All images courtesy the artist
Life and death. Black and white. Both are natural opposites, lending definition to one another in their contrast. But it all rests on balance, and humankind has upset that fragile system of planet Earth. The unparalleled level of destruction has lead Mexico City-based printmaker and street artist Mazatl to focus his work on the animal kingdom and the threats they face.Mazatl means “deer” in Nahuatl, an indigenous peoples from southern Mexico and Central America. When the artist is not making prints to be hung indoors, or linocuts and woodcuts, he takes to the streets to spread his visual message.
One series focuses specifically on species that are facing extinction. Creating a body of work surrounding societal issues like that is his primary motivation. He believes it’s not solely for the welfare of the animals, because thwarting a way of life that destroys everything in its path could create a happier existence for humans as well.“We live within a system that aims to control and tame everything and everyone. Animals are a beautiful reminder of a wilder world that struggles to survive,” Mazatl tells The Creators Project. “I believe that if perhaps we became more aware of the huge role animals and plants play in our life, we would invite a much healthier existence that doesn't rely on imposition and the death of the environment. I believe that the way we treat non-human life has direct links to the injustice in our societies.”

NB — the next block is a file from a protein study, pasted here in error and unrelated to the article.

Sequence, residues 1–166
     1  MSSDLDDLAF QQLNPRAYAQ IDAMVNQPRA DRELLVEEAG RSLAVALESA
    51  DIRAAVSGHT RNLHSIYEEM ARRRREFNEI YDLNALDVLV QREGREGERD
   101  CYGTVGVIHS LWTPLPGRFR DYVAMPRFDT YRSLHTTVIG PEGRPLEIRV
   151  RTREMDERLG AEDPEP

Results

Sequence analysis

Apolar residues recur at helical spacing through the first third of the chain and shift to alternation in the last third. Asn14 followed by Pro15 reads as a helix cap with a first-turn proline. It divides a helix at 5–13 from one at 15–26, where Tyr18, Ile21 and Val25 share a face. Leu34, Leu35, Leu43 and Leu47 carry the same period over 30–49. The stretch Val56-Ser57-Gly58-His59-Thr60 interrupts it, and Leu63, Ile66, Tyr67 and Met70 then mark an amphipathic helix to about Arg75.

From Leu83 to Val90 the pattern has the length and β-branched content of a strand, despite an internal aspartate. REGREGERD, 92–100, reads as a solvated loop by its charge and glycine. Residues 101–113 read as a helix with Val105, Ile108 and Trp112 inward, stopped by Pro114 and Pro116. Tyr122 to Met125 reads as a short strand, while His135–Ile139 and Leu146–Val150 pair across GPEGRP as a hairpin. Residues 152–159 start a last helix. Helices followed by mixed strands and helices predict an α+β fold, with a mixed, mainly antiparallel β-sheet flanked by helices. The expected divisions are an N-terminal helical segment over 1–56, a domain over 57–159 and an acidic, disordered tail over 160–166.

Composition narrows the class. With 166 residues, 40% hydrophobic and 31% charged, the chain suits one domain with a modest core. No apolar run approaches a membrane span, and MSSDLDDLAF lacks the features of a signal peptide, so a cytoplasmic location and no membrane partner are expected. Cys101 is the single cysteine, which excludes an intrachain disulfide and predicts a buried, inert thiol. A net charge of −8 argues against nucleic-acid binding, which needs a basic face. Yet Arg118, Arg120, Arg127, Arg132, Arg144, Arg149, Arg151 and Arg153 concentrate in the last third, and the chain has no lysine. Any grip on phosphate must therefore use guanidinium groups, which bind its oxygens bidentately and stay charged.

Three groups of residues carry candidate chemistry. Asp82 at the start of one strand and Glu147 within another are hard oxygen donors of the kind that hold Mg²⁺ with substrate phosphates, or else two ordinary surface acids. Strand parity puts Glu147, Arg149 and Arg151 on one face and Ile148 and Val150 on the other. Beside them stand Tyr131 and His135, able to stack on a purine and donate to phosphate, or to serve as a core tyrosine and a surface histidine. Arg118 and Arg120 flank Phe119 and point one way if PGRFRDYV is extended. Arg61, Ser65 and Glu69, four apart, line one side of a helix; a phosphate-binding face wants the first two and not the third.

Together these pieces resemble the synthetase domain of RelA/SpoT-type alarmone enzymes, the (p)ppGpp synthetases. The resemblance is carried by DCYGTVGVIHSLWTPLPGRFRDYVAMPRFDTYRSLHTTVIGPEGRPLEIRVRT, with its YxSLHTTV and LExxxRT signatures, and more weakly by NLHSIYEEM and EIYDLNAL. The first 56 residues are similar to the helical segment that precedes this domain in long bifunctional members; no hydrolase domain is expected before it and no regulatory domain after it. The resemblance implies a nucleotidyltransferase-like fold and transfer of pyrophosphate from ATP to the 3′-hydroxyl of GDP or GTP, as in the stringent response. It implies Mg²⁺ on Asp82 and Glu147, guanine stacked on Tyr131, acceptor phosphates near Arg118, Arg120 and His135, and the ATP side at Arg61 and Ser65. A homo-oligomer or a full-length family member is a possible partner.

Mazatl is a member of the Justseeds collective, a North American co-operative of printmakers and creatives who believe in the “transformative power of personal expression in concert with collective action.” In addition to an explicit activist message, he also sees his style and process as a way to further his Mexican heritage. Mexico was early to adopt the arts for social purposes, and printmaking specifically has been widely used to communicate social and political messages since the early 1900s.“The medium and the direct imagery, the black and white nature of the printmaking, has very much shaped my aesthetic choices,” Mazatl says. “Not to mention the link that much of Mexico still retains with its indigenous background in our culture, concepts of duality, and interconnectedness. All those things are topics I gravitate towards.”
See more of Mazatl on Instagram.Follow Mike Steyels on Twitter: @iswayskiRelated:150-Year-Old Woodblock Prints Keep Japanese History Alive in New YorkInternational Art Posters Remember Mexico’s Missing StudentsArt-Covered Buses Color the Streets of Mexico